Practice Log: 3 March–9 March (Sunday–Saturday)

This entry is part 5 of 6 in the series 2024 Practice Log

This is my regularly updated practice log, mostly for accountability with my saxophone practice. Below you can see my practice for the week. If you’d like to check it out, here’s my goal list of tunes for the year. 

This week, I learned “In A Sentimental Mood” and started work on “Fly Me To the Moon.” I don’t love the latter song—it’s a staple in Korea and I’ve seen too many people trying to make it profound and melodramatic in a way that turns me off… but I like the idea of doing it as a bossa nova or something, and anyway, I guess I need to know it because it would inevitably be called in a jam session, right?

Below, you can see a log of my practice sessions for the week.


This week was pretty normal, if a bit hectic. Just regular daily practice, with the complication that the weekend had a few activities I had to schedule around, and a game session Tuesday morning. I tried to get as much done as I could, knowing that practice time will be less available during the semester that starts on 4 March.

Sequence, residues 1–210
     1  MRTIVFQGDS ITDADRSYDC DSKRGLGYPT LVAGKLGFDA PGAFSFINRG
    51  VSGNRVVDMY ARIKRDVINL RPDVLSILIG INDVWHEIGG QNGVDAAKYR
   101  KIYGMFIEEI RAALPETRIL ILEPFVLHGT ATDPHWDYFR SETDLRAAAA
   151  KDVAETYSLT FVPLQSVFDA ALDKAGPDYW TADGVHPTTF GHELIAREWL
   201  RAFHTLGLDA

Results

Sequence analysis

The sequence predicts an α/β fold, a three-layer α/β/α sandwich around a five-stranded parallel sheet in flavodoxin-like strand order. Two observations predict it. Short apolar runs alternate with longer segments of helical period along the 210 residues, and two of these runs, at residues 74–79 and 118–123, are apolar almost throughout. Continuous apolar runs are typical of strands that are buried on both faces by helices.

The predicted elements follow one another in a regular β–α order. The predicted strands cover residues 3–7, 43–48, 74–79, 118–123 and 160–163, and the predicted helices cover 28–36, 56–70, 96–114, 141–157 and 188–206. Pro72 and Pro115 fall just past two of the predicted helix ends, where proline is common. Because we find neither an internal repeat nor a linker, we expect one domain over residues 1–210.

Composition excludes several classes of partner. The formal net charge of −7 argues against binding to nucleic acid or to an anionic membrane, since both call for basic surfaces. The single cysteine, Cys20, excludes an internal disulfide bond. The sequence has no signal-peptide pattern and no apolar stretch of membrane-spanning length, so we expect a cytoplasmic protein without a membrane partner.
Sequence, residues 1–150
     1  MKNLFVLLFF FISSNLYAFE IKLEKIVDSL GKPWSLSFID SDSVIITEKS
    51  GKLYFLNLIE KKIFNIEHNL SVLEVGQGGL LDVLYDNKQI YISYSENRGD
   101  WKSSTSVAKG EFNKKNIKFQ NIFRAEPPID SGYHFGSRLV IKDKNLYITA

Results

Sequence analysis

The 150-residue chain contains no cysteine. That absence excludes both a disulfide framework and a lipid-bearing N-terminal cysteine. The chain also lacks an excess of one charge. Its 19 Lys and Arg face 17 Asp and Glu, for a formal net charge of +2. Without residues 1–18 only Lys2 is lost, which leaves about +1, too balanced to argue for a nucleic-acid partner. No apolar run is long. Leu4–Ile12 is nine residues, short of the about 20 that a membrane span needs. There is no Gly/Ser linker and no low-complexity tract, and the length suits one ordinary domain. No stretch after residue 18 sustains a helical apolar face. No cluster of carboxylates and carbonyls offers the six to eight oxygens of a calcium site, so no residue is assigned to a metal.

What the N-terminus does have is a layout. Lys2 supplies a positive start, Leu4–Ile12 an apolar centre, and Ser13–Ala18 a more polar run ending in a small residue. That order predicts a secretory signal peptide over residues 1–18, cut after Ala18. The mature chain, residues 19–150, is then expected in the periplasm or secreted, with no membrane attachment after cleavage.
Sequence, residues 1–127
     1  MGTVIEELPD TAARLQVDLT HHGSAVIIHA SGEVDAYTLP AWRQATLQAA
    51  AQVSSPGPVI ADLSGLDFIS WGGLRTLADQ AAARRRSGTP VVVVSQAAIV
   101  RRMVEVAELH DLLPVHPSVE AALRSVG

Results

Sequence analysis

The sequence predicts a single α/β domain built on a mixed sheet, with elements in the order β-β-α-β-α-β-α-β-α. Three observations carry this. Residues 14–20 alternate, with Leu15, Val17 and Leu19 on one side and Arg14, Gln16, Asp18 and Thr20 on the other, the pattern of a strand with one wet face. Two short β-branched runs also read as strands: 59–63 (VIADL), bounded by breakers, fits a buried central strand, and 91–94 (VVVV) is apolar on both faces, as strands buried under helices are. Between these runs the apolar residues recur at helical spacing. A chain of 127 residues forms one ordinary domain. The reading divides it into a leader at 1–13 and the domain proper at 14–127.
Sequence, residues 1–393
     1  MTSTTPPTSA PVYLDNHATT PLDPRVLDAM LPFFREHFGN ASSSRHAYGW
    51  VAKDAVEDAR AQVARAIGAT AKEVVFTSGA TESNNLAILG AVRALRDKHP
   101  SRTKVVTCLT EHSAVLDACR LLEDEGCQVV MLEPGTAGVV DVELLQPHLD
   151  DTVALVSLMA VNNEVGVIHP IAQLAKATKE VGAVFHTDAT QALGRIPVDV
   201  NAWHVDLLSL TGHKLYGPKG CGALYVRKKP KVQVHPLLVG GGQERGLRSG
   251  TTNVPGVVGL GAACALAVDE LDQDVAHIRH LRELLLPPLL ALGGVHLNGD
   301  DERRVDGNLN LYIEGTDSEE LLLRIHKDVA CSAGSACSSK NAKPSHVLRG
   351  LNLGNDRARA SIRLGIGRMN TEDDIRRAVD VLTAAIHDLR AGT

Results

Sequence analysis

I did an hour and twenty-five minutes on alto, after a long bike ride. I am tiiiiiiiiired

Alto Sax: 

  • Long Tones: I actually combined with Mixolydian mode in 6ths. It helps me get the patterns down while also working through the long tones, p<mf>p, progressing around the circle of fifths.    
  • Scales/Modes: Major scales in 3rds and 4ths, following the circle of fifths. 
  • Patterns: Does this look familiar? I’m trying to firm it up by getting it up to speed, practicing it in all octaves (round the circle of fifths) and with alternate fingerings. I can do this at a good clip. I’m also sometimes adding the new root at the end of the phrase. (In the above, that’d be a Bb at the end of the second bar.)
  • Tunes:
    • “In a Sentimental Mood” (with and without leadsheet)
    • “Fly Me To the Moon” (no leadsheet)

Problem areas: